By Jake Rossen
By Jesse Marx
By Michelle LeBow
By Alleen Brown
By Maggie LaMaack
By CP Staff
By Jesse Marx
In the past Wellstone has been careful not to attack a president with whom he shares, at least, a party affiliation. But as he gears up to challenge Clinton's hand-picked successor, his criticism has become more blunt. "Where to start?" he says with an exasperated chuckle. "When President Clinton was elected and Democrats had a majority in the House and the Senate, I thought, given what he was saying in his campaign, this was going to be an opportunity to finally pass universal health-care coverage legislation, to reorder our priorities, have less money spent on the Pentagon and more money spent on children and education.
"It seems hard to believe, doesn't it? Health care, education, jobs, reform, environment--I thought it was going to be a decade of real progressive change. That clearly did not happen."
But if the Bill Clinton of the 1992 campaign trail is no more, the Wellstone of 1998 is also different from the Wellstone of 1990. The senator-elect, who in 1990 vehemently opposed Desert Storm, supported the December bombing of Iraq. That stance outraged some of Wellstone's most loyal supporters and caused peace-and-justice activists to protest at his office.
"I hate to be this way," Wellstone offers in response, "but I don't know that anybody there knows me so well to know what my position would have been years ago." He says that in 1991, he believed the U.S. to be acting too hastily. Not anymore: "As uncomfortable as I am about bombing and the fact that there are going to be innocent people that are going to die, which I hate, I didn't think there was any other choice after seven to eight years of trying to get compliance. I thought it was the only thing that can be done."
The Wellstone of today also voted for the 1996 Defense of Marriage Act, which barred federal recognition of same-sex unions. In the months between Wellstone's first public support for the bill and his vote for it he met and talked with many gay and lesbian supporters who were infuriated by his position. Did he vote for the Act, and support this year's bombing, with an eye toward a presidential bid? He insists the answer is "absolutely not."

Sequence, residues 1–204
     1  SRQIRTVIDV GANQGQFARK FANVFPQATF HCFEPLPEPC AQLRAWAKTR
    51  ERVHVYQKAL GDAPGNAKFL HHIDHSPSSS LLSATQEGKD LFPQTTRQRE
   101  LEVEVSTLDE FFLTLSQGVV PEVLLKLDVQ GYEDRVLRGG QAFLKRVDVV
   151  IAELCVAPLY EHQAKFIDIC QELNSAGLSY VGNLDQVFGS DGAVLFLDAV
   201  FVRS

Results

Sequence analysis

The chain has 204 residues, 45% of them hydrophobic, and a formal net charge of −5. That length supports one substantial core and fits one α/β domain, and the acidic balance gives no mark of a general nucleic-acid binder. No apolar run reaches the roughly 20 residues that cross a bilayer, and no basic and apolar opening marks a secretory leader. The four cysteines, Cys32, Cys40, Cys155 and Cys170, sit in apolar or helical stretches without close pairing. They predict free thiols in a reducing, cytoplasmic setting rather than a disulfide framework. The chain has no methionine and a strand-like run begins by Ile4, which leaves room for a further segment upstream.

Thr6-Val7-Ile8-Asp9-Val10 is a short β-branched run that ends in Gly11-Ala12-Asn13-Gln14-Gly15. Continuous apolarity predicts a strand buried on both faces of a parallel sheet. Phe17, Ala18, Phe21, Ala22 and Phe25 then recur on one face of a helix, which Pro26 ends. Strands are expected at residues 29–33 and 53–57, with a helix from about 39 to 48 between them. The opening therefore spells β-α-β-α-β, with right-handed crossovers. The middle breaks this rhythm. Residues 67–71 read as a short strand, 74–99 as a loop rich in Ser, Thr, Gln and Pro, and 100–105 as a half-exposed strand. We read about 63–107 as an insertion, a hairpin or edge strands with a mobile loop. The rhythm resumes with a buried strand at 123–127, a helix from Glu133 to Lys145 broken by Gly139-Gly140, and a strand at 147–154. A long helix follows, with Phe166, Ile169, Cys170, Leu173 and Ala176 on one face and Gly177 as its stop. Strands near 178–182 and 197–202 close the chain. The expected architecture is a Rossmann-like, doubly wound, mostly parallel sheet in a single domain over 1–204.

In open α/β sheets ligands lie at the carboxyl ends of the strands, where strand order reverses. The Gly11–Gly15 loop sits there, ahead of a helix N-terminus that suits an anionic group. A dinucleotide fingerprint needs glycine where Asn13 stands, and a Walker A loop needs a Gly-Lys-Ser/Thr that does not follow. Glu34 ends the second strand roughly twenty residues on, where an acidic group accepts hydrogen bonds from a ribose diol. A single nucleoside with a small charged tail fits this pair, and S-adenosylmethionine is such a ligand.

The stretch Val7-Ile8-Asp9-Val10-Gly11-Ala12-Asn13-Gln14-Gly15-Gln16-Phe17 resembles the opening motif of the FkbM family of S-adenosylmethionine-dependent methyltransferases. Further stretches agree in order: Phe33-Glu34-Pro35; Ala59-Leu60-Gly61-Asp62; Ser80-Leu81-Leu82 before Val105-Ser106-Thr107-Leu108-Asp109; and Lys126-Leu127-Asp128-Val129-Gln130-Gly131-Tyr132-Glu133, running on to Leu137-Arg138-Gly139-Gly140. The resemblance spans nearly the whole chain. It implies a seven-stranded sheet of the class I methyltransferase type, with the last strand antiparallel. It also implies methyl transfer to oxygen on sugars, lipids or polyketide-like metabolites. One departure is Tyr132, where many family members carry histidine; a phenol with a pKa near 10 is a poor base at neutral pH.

Wellstone does admit that being a U.S. senator has changed him. He says that when he was teaching and organizing, he was mostly surrounded by people who agreed with him; that hasn't been the case in the Senate. "I've now been in many, many places and situations where I meet and have visited with people who see things very differently," he says. "And I've learned a lot."
Presidential hopefuls make as many pilgrimages as they can afford to Iowa and New Hampshire, the nation's first primary state. But in 1992, recall that Bill Clinton won neither. Iowa Democrats went for native son Senator Tom Harkin, who got little opposition on his home turf, while Clinton came in second to Paul Tsongas in New Hampshire. At one point, conventional wisdom held that Clinton was politically dead in the wake of disclosures about Gennifer Flowers and his evasion of military service. Of course, that was before the pundits realized that "Slick Willie" had more political lives than Marion Barry.
But there's a new twist to presidential politics: California has moved its primary up to the earliest allowable date, March 7, the same day as the New York primary, and one week before the Super Tuesday primaries in the South. New Hampshire will still be first, but after that the dominoes will fall quickly. Most observers agree that this front-loading of the primary system favors moneyed candidates, and will vastly compress the time it takes to anoint a nominee. An underdog could get clobbered early.
The current perception among Washington politics-watchers is that Wellstone is a long shot, but that because he'll offer a striking contrast with other candidates the Minnesotan could emerge as a key challenger to Gore. Still, says Ron Faucheux, editor of the D.C.-based magazine Campaigns and Elections, "People in Washington do not take him seriously as a presidential candidate. He's not considered a serious threat; he's not even a considered a serious underdog. I think there's a lot of people here who do not see him as a presidential-type figure. He's seen more as a gadfly type."
That said, Faucheux believes the political establishment underestimates Wellstone's ability to do well in some primaries. His presence in the running, Faucheux reasons, "would give true-blue liberals around the country a chance to voice their protest against the Democratic Party moving too far to the center. And Wellstone could be the vehicle for that protest." The result, he says, could be that Wellstone garners "enough votes for people to take notice" (like, say, Jackson or former California governor and 1992 presidential gadfly Jerry Brown) and run second or third in the Democratic field. That could mean increased national visibility for the senator and his platform--but not electoral victory.
Says Brookings's Dionne: "I have always had the impression that if this campaign is about anything, it's about organizing and activating progressive wings of the party that have been either asleep or alienated. [Wellstone's] heart has always been with movement politics, and I could imagine that part of what he has in mind is to bring together elements of the left or the progressive side of which he could be a spokesman. If it works, it would be something like Pat Robertson's campaign was for the Christian conservatives."